We were at the zoo when it happened. Finn was one month old and enjoying his chauffeured ride around the park, the pacifier that he had clung to since birth firmly in place as he took in the monkeys, giraffes, and creepy reptile exhibit that caused his older brother to squeal with no small amount of excitement. Then it happened; we had stopped for lunch and were sitting at a picnic table, Max hurriedly devouring his lunch so he didn’t miss the opportunity to see more monkeys shaking their butts in his direction. Finn suddenly spit out the pacifier – complete with “popping” sound – and put in his thumb.
It was beyond cute; his tiny baby hand up to his face, the four non-sucked fingers stroking his cheek as he sucked wildly at his thumb. Adorable. We oohed and aahed at how ridiculously cute our kid was, never once imagining that this little self-soothing practice would still be firmly in place five years later.
We never really thought it was a big deal. Both my husband and I knew that Finn would stop sucking his thumb eventually and, truth be told, his thumb preference made the baby years so much easier. We didn’t need to get up five times during the night to put the pacifier back in that had fallen out of reach in the corner of his crib. We didn’t need to bring out the ninja moves that involved one person balancing while the other drove, contorting ourselves to reach a pacifier that had gone missing in the back seat during a long car trip. When Finn needed soothing, he simply popped that little thumb in and sucked away.
Even as he got older, I thought it was adorable. At the end of a long preschool day, Finn’s eyes would grow heavy as soon as his thumb was in place, his little fingers stroking his nose and cheek to add extra comfort. I joked that he was going to rub a groove in the top of his nose, the thumb sucking and nose rubbing going hand-in-hand as he got older. No, we really didn’t think much of it, exchanging stories of family members or friends who admitted to sucking their thumbs until well into grade school, a hidden secret that they felt comfortable sharing only years later. If Finn still sucked his thumb in fifth grade, that was just another unique little trait about him that made Finn Finn.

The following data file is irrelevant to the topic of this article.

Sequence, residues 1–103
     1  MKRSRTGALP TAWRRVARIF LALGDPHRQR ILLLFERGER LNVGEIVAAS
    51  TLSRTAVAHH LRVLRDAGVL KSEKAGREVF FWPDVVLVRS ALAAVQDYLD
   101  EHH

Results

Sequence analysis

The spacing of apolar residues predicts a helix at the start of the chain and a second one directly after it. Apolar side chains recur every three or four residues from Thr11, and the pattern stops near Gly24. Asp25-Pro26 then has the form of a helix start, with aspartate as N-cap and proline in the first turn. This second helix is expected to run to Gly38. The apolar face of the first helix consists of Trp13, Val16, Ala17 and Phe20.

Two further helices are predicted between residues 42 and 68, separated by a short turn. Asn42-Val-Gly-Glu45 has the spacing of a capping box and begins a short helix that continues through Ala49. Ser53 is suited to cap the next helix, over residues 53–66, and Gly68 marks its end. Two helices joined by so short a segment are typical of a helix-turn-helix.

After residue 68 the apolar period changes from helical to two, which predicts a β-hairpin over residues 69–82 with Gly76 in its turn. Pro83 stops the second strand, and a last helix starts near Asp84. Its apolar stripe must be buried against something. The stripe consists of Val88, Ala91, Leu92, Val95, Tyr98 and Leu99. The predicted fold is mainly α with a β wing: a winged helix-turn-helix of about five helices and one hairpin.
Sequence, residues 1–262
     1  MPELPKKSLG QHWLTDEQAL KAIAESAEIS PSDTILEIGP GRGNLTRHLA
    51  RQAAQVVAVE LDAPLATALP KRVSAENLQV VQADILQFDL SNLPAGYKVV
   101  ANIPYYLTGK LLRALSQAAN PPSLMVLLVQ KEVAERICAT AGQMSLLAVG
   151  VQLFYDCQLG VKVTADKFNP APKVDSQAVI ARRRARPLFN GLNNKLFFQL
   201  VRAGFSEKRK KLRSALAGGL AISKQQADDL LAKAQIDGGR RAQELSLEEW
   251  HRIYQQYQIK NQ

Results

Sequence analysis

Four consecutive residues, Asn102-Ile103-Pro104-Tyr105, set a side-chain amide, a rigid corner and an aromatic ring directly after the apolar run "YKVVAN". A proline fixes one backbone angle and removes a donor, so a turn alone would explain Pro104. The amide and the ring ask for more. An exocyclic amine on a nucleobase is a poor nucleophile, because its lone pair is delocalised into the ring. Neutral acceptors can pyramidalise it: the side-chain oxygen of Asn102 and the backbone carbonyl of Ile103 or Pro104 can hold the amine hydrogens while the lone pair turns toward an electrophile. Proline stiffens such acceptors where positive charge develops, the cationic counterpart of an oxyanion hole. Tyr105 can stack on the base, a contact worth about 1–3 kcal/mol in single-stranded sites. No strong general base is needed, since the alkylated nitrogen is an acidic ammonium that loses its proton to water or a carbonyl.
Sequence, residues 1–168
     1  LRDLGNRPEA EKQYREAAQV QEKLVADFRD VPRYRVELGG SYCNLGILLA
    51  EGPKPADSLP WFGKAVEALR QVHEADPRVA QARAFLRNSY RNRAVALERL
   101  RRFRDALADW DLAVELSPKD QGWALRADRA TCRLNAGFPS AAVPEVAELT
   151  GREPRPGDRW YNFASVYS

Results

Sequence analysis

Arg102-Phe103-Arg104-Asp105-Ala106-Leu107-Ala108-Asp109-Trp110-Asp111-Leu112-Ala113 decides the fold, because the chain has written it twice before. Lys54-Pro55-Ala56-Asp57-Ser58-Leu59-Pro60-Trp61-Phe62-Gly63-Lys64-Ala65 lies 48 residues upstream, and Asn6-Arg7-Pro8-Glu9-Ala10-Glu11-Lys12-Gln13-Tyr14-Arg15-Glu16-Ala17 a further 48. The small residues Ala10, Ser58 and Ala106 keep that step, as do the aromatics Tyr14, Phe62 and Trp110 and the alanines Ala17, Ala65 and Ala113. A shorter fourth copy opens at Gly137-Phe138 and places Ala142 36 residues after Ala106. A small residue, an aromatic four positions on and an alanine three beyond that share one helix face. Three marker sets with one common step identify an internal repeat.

Although the thumbsucking itself didn’t bother me, what it was doing to this thumb and his teeth, started to. Finn’s little thumb was calloused and hard to the touch, at times bleeding from the sensitivity. We spoke with the dentist about the damage that sucking his thumb could be doing to his teeth alignment. I tried to put a bandage on his thumb to help it heal, but it was like taking his favorite blanket away cold turkey, perhaps even more dramatic because he could still see it. As Finn approached kindergarten, we suggested that it might be time to stop, but such suggestions were met with silent head shake and refusal to discuss. Finn wasn’t ready to let it go, so we decided that we needed to. We simply stopped talking about it because we didn’t want to make him feel bad for hanging onto something that he obviously still needed in some way.
Finn will be six years old in June. For the majority of his kindergarten year, he continued to suck his thumb at night – his signal to us that his wild day was done, and he was ready to wind it down so he could recharge and start all over again tomorrow. One evening, Finn was snuggled up with me on the couch and I noticed something. He was making quiet little noises in his throat; it sounded like he needed to cough or clear his throat, but he never did. The noises were quiet and repetitive. A bit peculiar, my husband and I just chalked it up to yet another “hmmm, OK” parenting moment that joined so many others that had surprised us over the years. At the same time that I noticed this new little throat clearing tic, I noticed something else – he wasn’t sucking his thumb.
On his own, Finn had apparently decided to stop. Because I assumed that the throat noises were a way of dealing with his loss – a form of transference, perhaps – we simply acknowledged how proud we were of him and waited to see if he would suffer a thumb relapse at any point. He never did and, eventually, the throat clearing stopped, too.
I fully admit that I miss it. I miss seeing my little boy curled up on the couch with his thumb in his mouth because, after shedding all baby and toddler habits over the years, it was the last little habit that remained. Did I want him to continue sucking his thumb into adolescence? Well, no.
Do I constantly fight the urge to keep my kids young, innocent, and child-like in everything they do? Yes, absolutely.
Finn’s thumb sucking didn’t traumatize him; in fact, it reminded me of an important lesson. Sometimes, they really do know what’s best for them.